On the Subject of Adaptations: Part 1 – Separating the Book and the Movie

“The book is better than the movie.”

According to many in the reading community, truer words have never been said. I admit that this phrase has found its way past my lips on more than one occasion, though with building apprehension as I have grown older. The situation of adapting a story from the written word to the silver screen is a precarious one at best and a horrid affair at worst. I have seen comments on Facebook and YouTube expressing the sentiment in the image above and feel obligated to make a case for adaptations.

Are there bad adaptations? Of course; but there are also film adaptations that are successful in their storytelling despite how they wander from the source material. In fact, I would argue that if a film adaptation were as described in the above image, it would not be enjoyable. A successful adaptation takes what is good about the original story and puts its own spin on the material; there should be a reason to watch the movie besides wanting to see rather than read.

1. HP.jpg

I understand the frustration of those who feel movies don’t include enough from their literary predecessors. Plot points, characters, and even entire story lines are often cut from the film script due to time constraints but film and literature are, at their cores, two very different types of media. While they overlap in the stories that they are able to tell and their prominence as forms of entertainment, it is in how they tell the stories that their differences come to the forefront.

As anyone who has taken a beginning creative writing course will tell you, the goal for writing fiction is to be able to show without telling. For a movie, this is achieved by simply pointing the camera at a subject and filming it. With the written word, however, this is attained through years of practice with deliberate word choice and careful description. Where showing is second nature in the former medium, it is a challenge in the latter.

2. Shining.jpg

A direct adaptation shouldn’t be the end goal because people watch films and read books for different reasons. With reading, we are actively engaged and our attention is required for the story to continue. Throw a movie in and walk away without pressing pause or focus more on your phone than the film and the story continues without you. This may seem like common sense, but the underlying difference here is that reading is a very intimate act that allows us to inject our own imagination into the space between the lines.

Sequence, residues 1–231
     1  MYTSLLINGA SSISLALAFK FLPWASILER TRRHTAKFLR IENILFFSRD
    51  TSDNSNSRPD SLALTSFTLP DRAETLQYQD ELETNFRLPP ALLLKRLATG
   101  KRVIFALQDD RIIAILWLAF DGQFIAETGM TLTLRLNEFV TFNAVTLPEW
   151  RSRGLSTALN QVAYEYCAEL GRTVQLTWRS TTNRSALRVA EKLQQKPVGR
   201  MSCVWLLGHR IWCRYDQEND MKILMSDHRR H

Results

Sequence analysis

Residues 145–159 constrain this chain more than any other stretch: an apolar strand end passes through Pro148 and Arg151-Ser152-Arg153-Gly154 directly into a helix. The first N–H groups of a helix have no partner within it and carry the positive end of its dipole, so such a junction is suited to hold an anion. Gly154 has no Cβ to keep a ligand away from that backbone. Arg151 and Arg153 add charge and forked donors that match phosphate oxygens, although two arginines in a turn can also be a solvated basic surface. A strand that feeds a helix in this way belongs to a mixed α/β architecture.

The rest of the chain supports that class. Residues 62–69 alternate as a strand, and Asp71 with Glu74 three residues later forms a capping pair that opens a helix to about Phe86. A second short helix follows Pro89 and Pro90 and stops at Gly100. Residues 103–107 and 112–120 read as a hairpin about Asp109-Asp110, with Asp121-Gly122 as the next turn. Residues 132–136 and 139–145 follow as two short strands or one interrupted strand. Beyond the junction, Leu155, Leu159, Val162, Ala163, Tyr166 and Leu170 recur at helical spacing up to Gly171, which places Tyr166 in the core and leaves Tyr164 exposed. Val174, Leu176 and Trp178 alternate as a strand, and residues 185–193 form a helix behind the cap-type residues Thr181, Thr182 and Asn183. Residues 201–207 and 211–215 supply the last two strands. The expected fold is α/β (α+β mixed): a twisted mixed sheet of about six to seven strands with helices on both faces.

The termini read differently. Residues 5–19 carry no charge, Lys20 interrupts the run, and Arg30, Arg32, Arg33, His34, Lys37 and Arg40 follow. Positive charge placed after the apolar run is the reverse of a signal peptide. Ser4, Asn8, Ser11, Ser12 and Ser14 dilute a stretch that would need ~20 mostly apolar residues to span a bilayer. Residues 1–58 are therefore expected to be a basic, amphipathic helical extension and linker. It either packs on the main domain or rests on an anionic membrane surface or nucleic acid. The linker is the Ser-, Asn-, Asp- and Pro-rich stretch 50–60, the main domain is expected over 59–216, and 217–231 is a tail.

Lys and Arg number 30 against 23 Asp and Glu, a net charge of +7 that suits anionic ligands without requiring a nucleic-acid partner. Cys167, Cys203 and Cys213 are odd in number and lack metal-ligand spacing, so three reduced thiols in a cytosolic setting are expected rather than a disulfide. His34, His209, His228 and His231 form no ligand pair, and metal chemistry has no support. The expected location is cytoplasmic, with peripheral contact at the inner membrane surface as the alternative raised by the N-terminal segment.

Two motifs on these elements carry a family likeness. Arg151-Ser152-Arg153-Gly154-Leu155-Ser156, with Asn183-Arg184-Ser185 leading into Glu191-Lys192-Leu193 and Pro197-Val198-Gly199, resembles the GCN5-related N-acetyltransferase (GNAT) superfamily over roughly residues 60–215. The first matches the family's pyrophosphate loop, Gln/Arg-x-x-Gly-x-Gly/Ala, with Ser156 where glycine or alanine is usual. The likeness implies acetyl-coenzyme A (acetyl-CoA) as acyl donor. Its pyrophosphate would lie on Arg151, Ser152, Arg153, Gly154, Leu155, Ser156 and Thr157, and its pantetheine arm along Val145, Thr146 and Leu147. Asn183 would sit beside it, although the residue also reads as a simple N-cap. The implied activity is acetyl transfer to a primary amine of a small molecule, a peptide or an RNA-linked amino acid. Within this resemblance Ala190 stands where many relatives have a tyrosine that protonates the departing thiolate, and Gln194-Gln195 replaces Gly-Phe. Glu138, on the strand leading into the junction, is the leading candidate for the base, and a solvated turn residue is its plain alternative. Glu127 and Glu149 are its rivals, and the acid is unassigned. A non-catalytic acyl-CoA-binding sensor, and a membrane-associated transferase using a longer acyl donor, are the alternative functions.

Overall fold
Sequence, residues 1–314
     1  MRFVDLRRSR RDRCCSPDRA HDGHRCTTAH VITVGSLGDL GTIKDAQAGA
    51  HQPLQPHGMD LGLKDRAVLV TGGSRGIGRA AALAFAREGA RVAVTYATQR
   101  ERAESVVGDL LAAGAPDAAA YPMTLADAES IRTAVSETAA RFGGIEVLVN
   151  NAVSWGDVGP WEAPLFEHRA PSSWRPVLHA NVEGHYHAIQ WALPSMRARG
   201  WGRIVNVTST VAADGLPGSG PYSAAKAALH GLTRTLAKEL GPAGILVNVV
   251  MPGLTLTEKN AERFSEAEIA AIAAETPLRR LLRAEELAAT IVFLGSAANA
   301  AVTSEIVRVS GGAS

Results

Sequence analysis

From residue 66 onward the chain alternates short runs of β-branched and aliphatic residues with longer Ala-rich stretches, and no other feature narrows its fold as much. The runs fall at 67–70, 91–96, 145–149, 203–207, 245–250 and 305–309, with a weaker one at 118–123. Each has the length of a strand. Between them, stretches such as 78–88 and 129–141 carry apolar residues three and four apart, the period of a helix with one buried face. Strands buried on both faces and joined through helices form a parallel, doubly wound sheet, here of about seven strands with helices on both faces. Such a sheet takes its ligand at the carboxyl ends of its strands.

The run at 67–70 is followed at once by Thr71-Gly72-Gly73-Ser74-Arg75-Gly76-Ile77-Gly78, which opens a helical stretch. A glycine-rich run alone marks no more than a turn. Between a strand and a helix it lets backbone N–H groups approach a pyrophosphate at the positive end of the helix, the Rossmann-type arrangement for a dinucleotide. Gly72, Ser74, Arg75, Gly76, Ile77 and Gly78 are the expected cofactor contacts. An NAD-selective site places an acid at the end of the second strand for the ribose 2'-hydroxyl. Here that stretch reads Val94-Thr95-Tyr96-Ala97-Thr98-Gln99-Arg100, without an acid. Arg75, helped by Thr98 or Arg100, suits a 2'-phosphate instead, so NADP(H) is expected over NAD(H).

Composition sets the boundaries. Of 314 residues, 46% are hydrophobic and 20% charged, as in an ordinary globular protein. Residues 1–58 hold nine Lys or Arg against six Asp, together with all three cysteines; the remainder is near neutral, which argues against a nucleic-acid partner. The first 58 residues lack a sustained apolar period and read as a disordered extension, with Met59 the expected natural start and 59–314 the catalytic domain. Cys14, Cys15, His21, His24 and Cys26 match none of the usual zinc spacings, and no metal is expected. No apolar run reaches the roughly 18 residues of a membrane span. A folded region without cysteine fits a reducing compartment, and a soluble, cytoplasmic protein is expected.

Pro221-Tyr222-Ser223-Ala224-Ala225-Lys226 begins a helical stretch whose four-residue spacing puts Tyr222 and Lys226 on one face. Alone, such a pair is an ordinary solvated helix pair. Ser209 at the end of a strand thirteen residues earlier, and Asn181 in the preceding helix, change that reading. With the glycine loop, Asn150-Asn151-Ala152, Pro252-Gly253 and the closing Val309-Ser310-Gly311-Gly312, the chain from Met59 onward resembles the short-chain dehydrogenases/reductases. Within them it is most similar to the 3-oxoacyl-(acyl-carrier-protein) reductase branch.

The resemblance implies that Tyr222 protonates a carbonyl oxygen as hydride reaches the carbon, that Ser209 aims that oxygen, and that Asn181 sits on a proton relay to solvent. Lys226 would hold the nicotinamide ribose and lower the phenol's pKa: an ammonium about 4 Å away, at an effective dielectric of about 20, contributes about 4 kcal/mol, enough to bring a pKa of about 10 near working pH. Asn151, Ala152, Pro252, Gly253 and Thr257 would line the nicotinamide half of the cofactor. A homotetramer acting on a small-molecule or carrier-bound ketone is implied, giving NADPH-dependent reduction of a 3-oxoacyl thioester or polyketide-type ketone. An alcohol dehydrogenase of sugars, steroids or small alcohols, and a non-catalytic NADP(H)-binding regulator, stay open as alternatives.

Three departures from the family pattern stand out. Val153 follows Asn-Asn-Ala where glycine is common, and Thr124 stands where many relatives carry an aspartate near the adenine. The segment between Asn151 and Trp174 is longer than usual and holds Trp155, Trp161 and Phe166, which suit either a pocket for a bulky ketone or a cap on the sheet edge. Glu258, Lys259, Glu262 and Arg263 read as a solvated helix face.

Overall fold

Now, that isn’t to say that we can’t put meaning into films as well. Both film and literature are able to be analyzed for their themes, imagery, and hidden meanings; where their analysis differs is in what we focus on. When studying literature, students are taught to look for imagery, writing style, theme, voice, point of view, symbolism, and narration. Film analysis focuses on imagery, mise en scène (how everything visible in the shot is arranged), sound, camera angle, symbolism, and visual motifs among other elements. While there is overlap here, some aspects are more present in one medium over the other.

3. clockwork-orange-book-vs-film.jpg

When we read, we are the directors as well as the observers of the story and this allows us massive control over everything except for what is written on the page in front of us. This often endears books to us because they take on a small part of us through their consumption. Films, however, are completely separate entities unless we were directly involved in their production. That doesn’t mean we can’t impart meaning in them, but it becomes a conscious effort rather than part of the process of ingesting the art.

I don’t believe that anyone would be truly content with the movie described above because the medium’s strengths simply don’t lend themselves to such a piece of art. A direct adaptation is not viable because, despite their similarities, books and movies are simply too different how they are consumed. In order to enjoy a movie adaptation we must accept the changes in form, attempt to avoid comparison (as difficult as that may be) and enter the theater without preconceived notions.